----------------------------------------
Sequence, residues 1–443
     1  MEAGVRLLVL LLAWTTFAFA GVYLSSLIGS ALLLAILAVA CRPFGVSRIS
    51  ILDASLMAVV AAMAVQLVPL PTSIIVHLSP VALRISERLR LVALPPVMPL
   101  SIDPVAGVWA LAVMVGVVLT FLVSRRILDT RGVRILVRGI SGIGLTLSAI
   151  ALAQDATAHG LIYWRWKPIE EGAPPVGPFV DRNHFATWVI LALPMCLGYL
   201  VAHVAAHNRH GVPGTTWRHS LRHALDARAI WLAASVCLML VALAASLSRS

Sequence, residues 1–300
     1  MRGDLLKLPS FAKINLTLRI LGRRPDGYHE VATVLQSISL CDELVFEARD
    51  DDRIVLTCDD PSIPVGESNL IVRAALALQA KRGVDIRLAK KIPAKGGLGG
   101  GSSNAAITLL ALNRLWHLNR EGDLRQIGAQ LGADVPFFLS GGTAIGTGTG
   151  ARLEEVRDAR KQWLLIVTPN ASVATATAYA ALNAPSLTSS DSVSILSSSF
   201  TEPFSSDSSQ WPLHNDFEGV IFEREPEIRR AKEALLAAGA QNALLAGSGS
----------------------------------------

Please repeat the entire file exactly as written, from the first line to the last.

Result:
Sequence, residues 1–443
     1  MEAGVRLLVL LLAWTTFAFA GVYLSSLIGS ALLLAILAVA CRPFGVSRIS
    51  ILDASLMAVV AAMAVQLVPL PTSIIVHLSP VALRISERLR LVALPPVMPL
   101  SIDPVAGVWA LAVMVGVVLT FLVSRRILDT RGVRILVRGI SGIGLTLSAI
   151  ALAQDATAHG LIYWRWKPIE EGAPPVGPFV DRNHFATWVI LALPMCLGYL
   201  VAHVAAHNRH GVPGTTWRHS LRHALDARAI WLAASVCLML VALAASLSRS

Sequence, residues 1–300
     1  MRGDLLKLPS FAKINLTLRI LGRRPDGYHE VATVLQSISL CDELVFEARD
    51  DDRIVLTCDD PSIPVGESNL IVRAALALQA KRGVDIRLAK KIPAKGGLGG
   101  GSSNAAITLL ALNRLWHLNR EGDLRQIGAQ LGADVPFFLS GGTAIGTGTG
   151  ARLEEVRDAR KQWLLIVTPN ASVATATAYA ALNAPSLTSS DSVSILSSSF
   201  TEPFSSDSSQ WPLHNDFEGV IFEREPEIRR AKEALLAAGA QNALLAGSGS